Single Incision Laparoscopic Gastric Banding Versus Conventional Five Port Laparoscopic Gastric Banding

The recruitment status of this study is unknown because the information has not been verified recently.
Verified February 2011 by St. Luke's-Roosevelt Hospital Center.
Recruitment status was  Recruiting
Sponsor:
Information provided by (Responsible Party):
St. Luke's-Roosevelt Hospital Center
ClinicalTrials.gov Identifier:
NCT01039077
First received: December 22, 2009
Last updated: May 23, 2014
Last verified: February 2011
  Purpose

Gastric banding has been shown to significantly reduce weight and has been approved as a treatment of morbid obesity. The standard laparoscopic operation requires five small incisions for the introduction of instruments and the band into the patient's abdomen. We have developed a technique for performing this operation through a single incision at the belly button. This study compares this method to the conventional 5-incision approach.


Condition Intervention
Morbid Obesity
Procedure: Laparoscopic gastric banding

Study Type: Interventional
Study Design: Allocation: Randomized
Endpoint Classification: Safety/Efficacy Study
Intervention Model: Parallel Assignment
Masking: Single Blind (Subject)
Primary Purpose: Treatment
Official Title: Single Incision Laparoscopic Gastric Banding Versus Conventional Five Port Laparoscopic Gastric Banding

Resource links provided by NLM:


Further study details as provided by St. Luke's-Roosevelt Hospital Center:

Primary Outcome Measures:
  • weight loss [ Time Frame: 1 month and 1 year post-operative ] [ Designated as safety issue: No ]

Secondary Outcome Measures:
  • quality of life [ Time Frame: 1 week and 3 months post-operative ] [ Designated as safety issue: No ]
  • perioperative complication rate [ Time Frame: 1 month ] [ Designated as safety issue: Yes ]

Estimated Enrollment: 30
Study Start Date: December 2009
Primary Completion Date: June 2012 (Final data collection date for primary outcome measure)
Arms Assigned Interventions
Active Comparator: Single incision laparoscopic gastric banding
Patients in this group will undergo laparoscopic gastric banding through a single periumbilical incision.
Procedure: Laparoscopic gastric banding
Laparoscopic gastric banding for the treatment of morbid obesity.
Active Comparator: Five port laparoscopic gastric banding
Patients in this group will undergo conventional laparoscopic gastric banding using 5 small incisions.
Procedure: Laparoscopic gastric banding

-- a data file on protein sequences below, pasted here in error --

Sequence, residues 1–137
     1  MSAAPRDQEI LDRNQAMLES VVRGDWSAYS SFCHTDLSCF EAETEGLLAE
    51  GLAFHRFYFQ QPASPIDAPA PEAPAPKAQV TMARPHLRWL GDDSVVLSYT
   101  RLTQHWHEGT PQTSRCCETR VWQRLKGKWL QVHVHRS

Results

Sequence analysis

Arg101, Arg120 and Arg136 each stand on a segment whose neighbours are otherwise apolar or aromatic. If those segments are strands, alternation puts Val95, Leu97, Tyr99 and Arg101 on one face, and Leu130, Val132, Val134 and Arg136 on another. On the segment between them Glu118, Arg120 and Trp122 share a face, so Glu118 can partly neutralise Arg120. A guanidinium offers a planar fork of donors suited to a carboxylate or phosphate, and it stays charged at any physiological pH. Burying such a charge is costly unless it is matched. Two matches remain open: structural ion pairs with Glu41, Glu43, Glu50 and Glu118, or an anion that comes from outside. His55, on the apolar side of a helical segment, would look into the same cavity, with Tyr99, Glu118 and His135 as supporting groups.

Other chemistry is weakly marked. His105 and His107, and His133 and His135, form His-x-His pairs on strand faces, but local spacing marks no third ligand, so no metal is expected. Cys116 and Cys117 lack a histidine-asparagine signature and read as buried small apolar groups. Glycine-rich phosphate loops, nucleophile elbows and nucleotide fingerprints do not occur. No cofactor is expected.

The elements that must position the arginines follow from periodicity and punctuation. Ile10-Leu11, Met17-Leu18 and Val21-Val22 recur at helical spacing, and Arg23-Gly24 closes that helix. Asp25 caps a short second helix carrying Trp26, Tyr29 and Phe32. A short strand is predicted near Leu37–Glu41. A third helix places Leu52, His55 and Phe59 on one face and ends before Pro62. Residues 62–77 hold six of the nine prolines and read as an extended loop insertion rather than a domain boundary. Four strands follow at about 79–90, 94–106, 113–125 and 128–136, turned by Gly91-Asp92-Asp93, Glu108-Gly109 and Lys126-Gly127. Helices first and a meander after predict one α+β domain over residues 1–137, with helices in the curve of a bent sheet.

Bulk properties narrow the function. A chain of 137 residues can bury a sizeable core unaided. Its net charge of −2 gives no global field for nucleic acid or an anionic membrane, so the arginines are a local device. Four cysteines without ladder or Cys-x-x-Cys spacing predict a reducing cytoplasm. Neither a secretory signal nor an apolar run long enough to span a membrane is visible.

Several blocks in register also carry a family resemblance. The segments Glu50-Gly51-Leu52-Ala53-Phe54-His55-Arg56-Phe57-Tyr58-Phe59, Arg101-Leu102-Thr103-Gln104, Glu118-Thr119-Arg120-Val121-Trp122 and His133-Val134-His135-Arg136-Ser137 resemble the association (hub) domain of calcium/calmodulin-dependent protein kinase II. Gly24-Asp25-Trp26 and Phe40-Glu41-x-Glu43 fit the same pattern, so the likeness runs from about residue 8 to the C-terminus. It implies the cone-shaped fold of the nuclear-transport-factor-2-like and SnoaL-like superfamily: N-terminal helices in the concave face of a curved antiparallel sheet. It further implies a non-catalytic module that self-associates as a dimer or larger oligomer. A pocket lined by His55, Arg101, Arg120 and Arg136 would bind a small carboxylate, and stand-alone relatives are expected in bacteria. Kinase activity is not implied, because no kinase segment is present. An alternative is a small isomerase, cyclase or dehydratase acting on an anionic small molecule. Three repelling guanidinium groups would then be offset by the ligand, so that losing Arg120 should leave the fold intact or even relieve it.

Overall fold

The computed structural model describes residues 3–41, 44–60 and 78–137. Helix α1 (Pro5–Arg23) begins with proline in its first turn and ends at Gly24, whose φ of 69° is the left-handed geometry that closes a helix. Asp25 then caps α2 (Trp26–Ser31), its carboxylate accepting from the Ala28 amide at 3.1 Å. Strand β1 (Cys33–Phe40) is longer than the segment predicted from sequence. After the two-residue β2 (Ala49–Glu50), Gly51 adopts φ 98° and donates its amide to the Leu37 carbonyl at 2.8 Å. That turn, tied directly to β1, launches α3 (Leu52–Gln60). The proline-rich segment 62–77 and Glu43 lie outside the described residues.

Laparoscopic gastric banding for the treatment of morbid obesity.

  Eligibility

Ages Eligible for Study:   18 Years to 60 Years
Genders Eligible for Study:   Both
Accepts Healthy Volunteers:   Yes
Criteria

Inclusion Criteria:

  • BMI > 40
  • ASA Class I or II

Exclusion Criteria:

  • Comorbid cardiac, pulmonary, renal, hepatic disease
  • Bleeding disorder
  • Previous gastric/esophageal surgery
  Contacts and Locations
Choosing to participate in a study is an important personal decision. Talk with your doctor and family members or friends about deciding to join a study. To learn more about this study, you or your doctor may contact the study research staff using the Contacts provided below. For general information, see Learn About Clinical Studies.

Please refer to this study by its ClinicalTrials.gov identifier: NCT01039077

Contacts
Contact: Julio Teixeira, MD 212-523-2184 jteixeira@chpnet.org

Locations
United States, New York
St. Luke's-Roosevelt Hospital Center Recruiting
New York, New York, United States, 10025
Contact: Julio Teixeira, MD    212-523-2184    jteixeira@chpnet.org   
Principal Investigator: Julio Teixeira, MD         
Sponsors and Collaborators
St. Luke's-Roosevelt Hospital Center
  More Information

No publications provided

Responsible Party: St. Luke's-Roosevelt Hospital Center
ClinicalTrials.gov Identifier: NCT01039077     History of Changes
Other Study ID Numbers: SLR IRB#08-148
Study First Received: December 22, 2009
Last Updated: May 23, 2014
Health Authority: United States: Institutional Review Board

Additional relevant MeSH terms:
Obesity
Obesity, Morbid
Overnutrition
Nutrition Disorders
Overweight
Body Weight
Signs and Symptoms

ClinicalTrials.gov processed this record on August 27, 2014